Formal growth helps “underground” economy


Source: Valor Online, 19/11/2008

Despite the country's economic growth in the first half of this year, from December to June this year there was an expansion of 4,7% in the activity of the so-called “underground economy” - which includes practices such as informality and tax and contribution evasion. Surprisingly, the variable that most contributed to this expansion in the period was the increase in the level of activity, with a weight of 41,7%.

The variation consists of the update of the Underground Economy Index, made by the Brazilian Institute of Economics of the Getúlio Vargas Foundation (Ibre / FGV) at the request of the Brazilian Institute of Ethics in Competition (Etco). The intention of the indicator, launched in June and with a historical series starting in March 2003, is not to measure these activities in the country, but to monitor some of their causes to stimulate public policies that resolve the issue. Between December last year and June this year, the index went from 94,9 points to 99,4 points, an increase of 4,7%.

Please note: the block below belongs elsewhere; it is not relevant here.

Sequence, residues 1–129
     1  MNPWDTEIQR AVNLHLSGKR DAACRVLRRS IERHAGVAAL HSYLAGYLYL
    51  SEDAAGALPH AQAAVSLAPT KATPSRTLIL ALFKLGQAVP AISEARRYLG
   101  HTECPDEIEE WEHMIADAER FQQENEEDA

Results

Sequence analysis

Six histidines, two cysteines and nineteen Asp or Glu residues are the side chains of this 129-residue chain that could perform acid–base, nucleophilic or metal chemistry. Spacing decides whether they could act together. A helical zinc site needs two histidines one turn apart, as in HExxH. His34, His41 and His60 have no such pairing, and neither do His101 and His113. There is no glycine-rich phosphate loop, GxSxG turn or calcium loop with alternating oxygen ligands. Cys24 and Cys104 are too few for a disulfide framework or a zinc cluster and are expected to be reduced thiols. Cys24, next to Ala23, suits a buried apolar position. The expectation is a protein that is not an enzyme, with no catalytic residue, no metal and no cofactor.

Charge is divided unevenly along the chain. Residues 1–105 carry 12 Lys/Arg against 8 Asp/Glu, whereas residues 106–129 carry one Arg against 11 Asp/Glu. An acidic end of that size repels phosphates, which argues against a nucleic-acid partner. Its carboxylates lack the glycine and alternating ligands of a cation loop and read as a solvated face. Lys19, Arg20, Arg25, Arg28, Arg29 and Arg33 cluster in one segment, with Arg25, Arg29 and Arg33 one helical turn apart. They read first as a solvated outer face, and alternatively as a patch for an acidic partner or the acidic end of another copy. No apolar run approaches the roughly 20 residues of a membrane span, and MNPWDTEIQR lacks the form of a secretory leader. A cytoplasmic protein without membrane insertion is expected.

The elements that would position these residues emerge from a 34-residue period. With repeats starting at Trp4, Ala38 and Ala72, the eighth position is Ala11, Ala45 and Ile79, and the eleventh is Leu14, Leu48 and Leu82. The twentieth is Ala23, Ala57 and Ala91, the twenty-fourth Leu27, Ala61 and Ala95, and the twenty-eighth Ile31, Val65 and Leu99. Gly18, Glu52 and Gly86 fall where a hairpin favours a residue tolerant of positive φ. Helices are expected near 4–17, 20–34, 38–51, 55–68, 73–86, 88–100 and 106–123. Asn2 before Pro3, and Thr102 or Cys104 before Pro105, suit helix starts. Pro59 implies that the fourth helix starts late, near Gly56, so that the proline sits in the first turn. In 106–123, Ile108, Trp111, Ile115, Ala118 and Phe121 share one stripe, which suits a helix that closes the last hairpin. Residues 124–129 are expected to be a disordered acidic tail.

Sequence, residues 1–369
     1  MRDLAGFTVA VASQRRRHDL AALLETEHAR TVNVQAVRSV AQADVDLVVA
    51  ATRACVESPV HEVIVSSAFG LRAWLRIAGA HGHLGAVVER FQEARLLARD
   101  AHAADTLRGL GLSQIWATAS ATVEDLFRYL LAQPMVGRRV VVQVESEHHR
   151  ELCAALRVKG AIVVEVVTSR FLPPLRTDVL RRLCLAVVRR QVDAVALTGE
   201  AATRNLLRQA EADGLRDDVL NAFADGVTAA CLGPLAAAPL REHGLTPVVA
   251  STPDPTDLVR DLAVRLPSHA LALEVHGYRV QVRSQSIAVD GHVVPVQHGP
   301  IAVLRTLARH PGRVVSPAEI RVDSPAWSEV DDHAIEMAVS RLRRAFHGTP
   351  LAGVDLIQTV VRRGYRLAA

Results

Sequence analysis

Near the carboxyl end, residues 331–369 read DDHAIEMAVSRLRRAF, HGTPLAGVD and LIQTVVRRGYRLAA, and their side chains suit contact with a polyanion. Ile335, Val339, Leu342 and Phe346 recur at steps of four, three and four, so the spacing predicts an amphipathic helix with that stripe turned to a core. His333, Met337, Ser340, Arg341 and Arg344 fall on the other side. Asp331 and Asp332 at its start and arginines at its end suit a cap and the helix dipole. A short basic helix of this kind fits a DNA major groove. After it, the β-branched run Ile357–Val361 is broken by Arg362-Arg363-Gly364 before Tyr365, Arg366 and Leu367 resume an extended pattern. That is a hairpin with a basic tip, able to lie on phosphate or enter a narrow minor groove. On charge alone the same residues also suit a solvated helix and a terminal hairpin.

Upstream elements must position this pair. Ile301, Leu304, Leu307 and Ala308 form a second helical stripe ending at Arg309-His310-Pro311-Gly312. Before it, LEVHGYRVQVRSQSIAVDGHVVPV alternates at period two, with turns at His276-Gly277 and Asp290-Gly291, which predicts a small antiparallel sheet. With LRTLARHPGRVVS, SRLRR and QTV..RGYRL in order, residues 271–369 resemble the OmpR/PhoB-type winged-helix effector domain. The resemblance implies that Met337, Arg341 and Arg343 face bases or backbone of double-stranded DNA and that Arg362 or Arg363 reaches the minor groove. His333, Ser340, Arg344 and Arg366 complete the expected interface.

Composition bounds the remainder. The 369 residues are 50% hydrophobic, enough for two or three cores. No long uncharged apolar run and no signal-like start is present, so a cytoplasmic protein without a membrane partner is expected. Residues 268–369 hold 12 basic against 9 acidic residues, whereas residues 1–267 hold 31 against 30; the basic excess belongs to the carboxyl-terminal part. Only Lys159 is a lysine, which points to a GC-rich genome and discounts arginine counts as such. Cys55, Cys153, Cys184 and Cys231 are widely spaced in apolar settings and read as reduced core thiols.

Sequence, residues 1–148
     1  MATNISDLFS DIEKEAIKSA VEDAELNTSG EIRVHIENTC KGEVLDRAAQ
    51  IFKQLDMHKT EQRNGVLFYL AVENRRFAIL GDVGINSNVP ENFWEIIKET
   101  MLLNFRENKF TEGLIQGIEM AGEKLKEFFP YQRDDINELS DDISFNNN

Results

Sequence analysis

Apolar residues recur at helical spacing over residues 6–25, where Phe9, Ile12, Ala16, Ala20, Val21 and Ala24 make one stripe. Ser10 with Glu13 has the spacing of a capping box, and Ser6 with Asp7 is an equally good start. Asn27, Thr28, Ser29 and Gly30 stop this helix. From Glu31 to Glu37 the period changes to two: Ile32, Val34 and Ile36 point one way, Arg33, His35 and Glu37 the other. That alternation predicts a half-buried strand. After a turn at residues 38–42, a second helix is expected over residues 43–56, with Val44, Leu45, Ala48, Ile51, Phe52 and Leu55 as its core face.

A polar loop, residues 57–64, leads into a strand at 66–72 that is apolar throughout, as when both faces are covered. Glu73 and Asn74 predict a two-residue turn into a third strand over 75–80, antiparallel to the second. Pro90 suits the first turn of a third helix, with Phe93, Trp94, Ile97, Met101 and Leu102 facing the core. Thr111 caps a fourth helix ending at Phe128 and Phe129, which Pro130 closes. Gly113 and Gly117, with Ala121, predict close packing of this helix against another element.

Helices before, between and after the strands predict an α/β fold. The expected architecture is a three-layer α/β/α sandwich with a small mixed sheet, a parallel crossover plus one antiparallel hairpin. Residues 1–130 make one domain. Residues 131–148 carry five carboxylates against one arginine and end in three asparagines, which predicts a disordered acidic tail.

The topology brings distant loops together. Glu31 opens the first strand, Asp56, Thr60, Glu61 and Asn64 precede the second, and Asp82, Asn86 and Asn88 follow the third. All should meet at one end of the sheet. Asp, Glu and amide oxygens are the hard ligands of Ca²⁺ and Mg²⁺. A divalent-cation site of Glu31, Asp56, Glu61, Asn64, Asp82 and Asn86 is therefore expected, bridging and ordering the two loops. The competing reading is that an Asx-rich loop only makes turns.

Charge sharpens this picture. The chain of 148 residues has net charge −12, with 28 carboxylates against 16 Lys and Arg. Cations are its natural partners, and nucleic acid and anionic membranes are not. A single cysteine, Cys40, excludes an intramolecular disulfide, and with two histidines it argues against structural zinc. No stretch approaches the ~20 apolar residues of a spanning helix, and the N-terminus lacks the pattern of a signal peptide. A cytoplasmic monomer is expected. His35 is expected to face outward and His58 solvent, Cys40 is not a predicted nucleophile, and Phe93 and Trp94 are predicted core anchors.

Fernando de Holanda Barbosa Filho, researcher responsible for the study, explains that, contrary to popular belief, the increase in the creation of formal jobs, generated by the high level of activity, does not slow down the expansion of the underground economy. According to him, both the real and formal economy and the underground interact. The increase in income in one sector encourages the purchase of goods and services in the other sector and vice versa.

Another important variable for the recent growth of the indicator, with a share of 28,9%, was the decrease in the fraction of exports in relation to GDP (considering only manufactured products). The behavior of foreign sales is important, since to export companies must necessarily have a standard of formality and payment of taxes and contributions.

Another variable, historically identified as a cause of informality, the tax burden contributed 29,4% to the increase in the Index from December to June this year. Corruption had no impact on the index count in the period under review, but it was already responsible for a leap in the indicator, which went from 110,3 in June 2003 to 119,7 points in December of the same year.